• Mr. House is the owner and proprietor of New Vegas, the Post-War version of Las Vegas. Before the war, he was the founder and CEO of RobCo., the company that designed and manufactured most of the robots and computers found throughout the Wasteland. He had predicted the Great War well before it happened and spent 12 years developing a plan to save his home city of Las Vegas from destruction. Though he managed to save most of the Vegas Strip, radiation from nearby bombs devastated the surrounding area. Hoping to guide human progress after the apocalypse, House used his scientific innovations to extend his life and eventually rebuild Las Vegas into New Vegas. At the start of Fallout: New Vegas, Mr. House rules the Strip as a "benevolent dictator" (as he puts it) with the aid of local human survivors and an army of robots called Securitrons. He is formally allied with the NCR and plays it off against the Legion in order to prevent either one from being able to annex New Vegas. Mr. House is loosely based on Howard Hughes.
  • Raiders is a generic term for roving bands of human cutthroats and bandits, though in some areas the various groups are organized. Raiders are typically hostile, aggressive, and quite sadistic, having descended to a level of brute savagery. They are generally depicted like the gangs in the Mad Max films, wearing odd assortments of leather and metal scrap as armor. Raiders are often drug-addicted and sometimes cannibalistic.
  • Super Mutants is the term for the type of mutation resulting from infection of the "Forced Evolutionary Virus", which turned humans into hulking and sterile, green-skinned mutants. They are not a single unitary faction, merely bands of mutants. The Mariposa super mutants were uncommonly found throughout southern California until the remnants of the Master's Army were driven west by the Brotherhood of Steel, across the Rockies. The subtype of these mutants is the Nightkin. While the Vault 87 super mutants are bands of mutants in the Capital Wasteland (the area surrounding Washington, D.C.) they are not affiliated with any other super mutants. Likewise the Institute super mutants are bands of cannibalistic (they are a human subtype) raiders. Killing and consuming all those they overwhelm in the Commonwealth.
  • Unity was the name of "the Master"'s idealized vision of humanity, as well as his own organization, including the Master's Army and the Children of the Cathedral. The former being his army of super mutants, and the latter being the cult. Created to subvert, reconnaissance, and indoctrinate wastelanders into the Master's unity.
  • The Institute arose from surviving scientists and professors at the Commonwealth Institute of Technology, abbreviated C.I.T. and an in-game analog of the Massachusetts Institute of Technology located in Cambridge, Massachusetts. The people of The Institute have given up on the post-apocalyptic Wasteland as a lost cause and live underground in isolation, sending out androids they have created known as Synths to infiltrate and monitor above ground society. Newer models of Synths are so advanced that they can pass for human beings, including the development of free will and a desire to escape. Those that choose to undergo a mindwipe are unaware that they are in fact Synths. The Institute will also sometimes send an envoy to the surface to recruit promising minds to join The Institute underground in their mission to advance science.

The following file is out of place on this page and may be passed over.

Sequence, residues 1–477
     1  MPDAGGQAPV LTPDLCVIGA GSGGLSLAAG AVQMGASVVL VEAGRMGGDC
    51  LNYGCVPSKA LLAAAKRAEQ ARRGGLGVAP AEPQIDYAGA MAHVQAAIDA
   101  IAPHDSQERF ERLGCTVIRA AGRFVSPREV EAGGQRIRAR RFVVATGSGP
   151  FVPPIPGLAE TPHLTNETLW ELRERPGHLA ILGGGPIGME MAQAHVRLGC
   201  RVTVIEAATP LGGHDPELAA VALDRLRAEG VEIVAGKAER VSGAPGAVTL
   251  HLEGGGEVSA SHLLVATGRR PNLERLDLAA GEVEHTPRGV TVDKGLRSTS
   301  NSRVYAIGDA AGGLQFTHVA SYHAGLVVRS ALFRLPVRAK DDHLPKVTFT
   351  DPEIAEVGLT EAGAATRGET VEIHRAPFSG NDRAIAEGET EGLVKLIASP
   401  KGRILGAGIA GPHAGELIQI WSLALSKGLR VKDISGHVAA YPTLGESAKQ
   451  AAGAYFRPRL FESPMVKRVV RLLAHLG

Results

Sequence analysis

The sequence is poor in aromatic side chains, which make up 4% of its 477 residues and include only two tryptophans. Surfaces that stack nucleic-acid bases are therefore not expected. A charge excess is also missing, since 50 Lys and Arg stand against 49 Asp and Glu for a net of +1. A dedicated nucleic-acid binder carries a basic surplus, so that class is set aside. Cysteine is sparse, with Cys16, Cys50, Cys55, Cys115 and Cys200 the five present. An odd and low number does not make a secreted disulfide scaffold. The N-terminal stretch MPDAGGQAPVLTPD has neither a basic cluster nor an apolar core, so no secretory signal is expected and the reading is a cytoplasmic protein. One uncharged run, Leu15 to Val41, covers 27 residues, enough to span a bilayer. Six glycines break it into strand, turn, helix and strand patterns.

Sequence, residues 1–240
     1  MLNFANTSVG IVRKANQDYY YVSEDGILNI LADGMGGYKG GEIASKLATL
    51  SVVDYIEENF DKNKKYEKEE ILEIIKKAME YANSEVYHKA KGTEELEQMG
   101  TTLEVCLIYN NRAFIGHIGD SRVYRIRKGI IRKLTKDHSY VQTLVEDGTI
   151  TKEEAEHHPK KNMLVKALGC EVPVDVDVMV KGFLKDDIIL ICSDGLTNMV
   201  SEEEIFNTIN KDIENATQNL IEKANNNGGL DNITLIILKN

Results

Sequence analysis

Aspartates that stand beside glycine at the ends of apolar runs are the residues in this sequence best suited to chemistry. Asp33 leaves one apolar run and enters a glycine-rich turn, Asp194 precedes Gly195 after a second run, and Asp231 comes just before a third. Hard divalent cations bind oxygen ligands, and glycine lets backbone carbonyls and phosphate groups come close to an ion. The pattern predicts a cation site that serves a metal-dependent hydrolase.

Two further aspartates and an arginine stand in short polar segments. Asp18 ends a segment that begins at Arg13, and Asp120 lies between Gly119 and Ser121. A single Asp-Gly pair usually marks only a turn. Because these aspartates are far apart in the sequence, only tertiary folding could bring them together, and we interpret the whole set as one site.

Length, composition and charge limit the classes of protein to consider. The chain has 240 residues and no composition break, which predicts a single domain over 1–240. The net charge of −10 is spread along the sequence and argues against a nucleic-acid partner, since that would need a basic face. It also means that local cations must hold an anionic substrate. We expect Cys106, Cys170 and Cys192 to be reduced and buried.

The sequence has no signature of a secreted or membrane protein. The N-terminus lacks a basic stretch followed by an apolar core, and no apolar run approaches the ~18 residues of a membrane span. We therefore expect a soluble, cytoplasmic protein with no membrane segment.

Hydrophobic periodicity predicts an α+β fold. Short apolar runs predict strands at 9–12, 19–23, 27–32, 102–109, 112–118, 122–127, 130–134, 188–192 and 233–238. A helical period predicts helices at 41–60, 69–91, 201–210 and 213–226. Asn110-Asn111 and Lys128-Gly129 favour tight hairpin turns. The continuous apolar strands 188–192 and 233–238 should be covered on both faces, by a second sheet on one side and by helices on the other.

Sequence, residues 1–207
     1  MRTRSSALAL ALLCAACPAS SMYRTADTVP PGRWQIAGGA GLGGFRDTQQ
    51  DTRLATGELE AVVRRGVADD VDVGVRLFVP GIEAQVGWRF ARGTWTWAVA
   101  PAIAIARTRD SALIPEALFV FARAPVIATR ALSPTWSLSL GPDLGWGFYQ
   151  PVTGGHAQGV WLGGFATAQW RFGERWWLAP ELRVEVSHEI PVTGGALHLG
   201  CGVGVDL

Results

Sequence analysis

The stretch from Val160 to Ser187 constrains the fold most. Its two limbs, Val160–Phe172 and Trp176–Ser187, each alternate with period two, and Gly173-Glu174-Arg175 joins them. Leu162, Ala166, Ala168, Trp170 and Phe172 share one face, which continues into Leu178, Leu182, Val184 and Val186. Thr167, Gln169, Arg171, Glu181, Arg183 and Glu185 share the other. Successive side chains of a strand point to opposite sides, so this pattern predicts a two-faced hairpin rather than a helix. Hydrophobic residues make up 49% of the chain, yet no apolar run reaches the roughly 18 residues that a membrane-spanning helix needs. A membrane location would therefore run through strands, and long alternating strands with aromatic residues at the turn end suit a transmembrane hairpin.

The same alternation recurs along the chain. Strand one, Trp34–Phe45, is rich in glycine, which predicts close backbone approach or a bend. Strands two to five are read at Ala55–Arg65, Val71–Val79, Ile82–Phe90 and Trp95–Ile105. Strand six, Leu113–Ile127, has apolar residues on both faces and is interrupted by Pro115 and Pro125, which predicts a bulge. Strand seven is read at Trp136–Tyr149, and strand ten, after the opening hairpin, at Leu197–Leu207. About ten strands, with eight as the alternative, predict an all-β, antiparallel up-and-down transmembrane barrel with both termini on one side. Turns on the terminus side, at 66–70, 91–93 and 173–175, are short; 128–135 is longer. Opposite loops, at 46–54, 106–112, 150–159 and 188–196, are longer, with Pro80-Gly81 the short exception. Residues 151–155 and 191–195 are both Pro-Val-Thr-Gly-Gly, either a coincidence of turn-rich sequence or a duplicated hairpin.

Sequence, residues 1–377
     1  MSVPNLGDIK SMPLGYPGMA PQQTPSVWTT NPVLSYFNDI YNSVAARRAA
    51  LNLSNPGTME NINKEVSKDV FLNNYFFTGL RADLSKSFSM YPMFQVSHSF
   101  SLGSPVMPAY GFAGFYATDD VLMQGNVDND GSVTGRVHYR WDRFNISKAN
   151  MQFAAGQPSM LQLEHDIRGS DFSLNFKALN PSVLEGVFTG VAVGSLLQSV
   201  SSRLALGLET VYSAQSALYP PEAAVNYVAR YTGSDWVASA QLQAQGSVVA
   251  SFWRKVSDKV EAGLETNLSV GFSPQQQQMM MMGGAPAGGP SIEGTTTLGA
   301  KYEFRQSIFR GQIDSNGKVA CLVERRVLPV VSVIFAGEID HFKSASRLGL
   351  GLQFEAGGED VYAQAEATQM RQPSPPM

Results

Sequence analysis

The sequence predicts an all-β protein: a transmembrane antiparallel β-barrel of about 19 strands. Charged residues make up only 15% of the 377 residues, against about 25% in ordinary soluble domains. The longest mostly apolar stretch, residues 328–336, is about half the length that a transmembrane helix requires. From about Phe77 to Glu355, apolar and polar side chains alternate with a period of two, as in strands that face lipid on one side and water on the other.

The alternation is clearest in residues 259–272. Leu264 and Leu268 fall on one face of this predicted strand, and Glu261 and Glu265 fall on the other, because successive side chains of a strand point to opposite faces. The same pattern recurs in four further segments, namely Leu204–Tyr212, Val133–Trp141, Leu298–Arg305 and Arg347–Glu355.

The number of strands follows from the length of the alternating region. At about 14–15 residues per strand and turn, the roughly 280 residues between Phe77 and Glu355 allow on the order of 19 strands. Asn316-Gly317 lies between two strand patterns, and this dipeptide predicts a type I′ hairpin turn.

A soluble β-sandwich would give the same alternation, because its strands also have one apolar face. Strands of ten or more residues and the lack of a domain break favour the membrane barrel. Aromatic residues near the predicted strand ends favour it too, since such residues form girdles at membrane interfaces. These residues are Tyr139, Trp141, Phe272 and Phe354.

• The Railroad is a covert organization formed to aid Synths desiring to escape The Institute. The name is based on that of the Underground Railroad, which aided African Americans seeking to escape slavery in the Southern United States. The Railroad smuggles Synths out of The Institute, then supplies them for their new lives in the Wasteland - and usually out of the Commonwealth. Due to high levels of suspicion and justified prejudice against Synths in the Wasteland, as well as antagonism from The Institute, The Railroad operates under great secrecy.
  • The Minutemen is a loosely-organized citizen militia based in the Commonwealth, modeled after its namesake group in colonial-era New England that fought in the American Revolution. This iteration's goal is to protect settlements from various dangers such as raiders, Super Mutants, and ghouls, and to unite them under one banner to make the Commonwealth a better place to live.

Influences[edit]

Fallout draws from 1950s pulp magazine science fiction and superhero comic books, all rooted in Atomic Age optimism of a nuclear-powered future, though gone terribly awry by the time the events of the game take place. The technology is retro-futuristic, with various Raygun Gothic machines such as laser weaponry and boxy Forbidden Planet-style robots. Computers use vacuum tubes instead of transistors, architecture of ruined buildings feature Art Deco and Googie designs, energy weapons resemble those used by Flash Gordon, and what few vehicles remain in the world are all 1950s-styled. Fallout's other production design, such as menu interfaces, are similarly designed to resemble advertisements and toys of the Atomic Age. Advertising in the game such as billboards and brochures has a distinct 1950s motif and feel. The lack of retro-stylization was a common reason for criticism in spin-off games.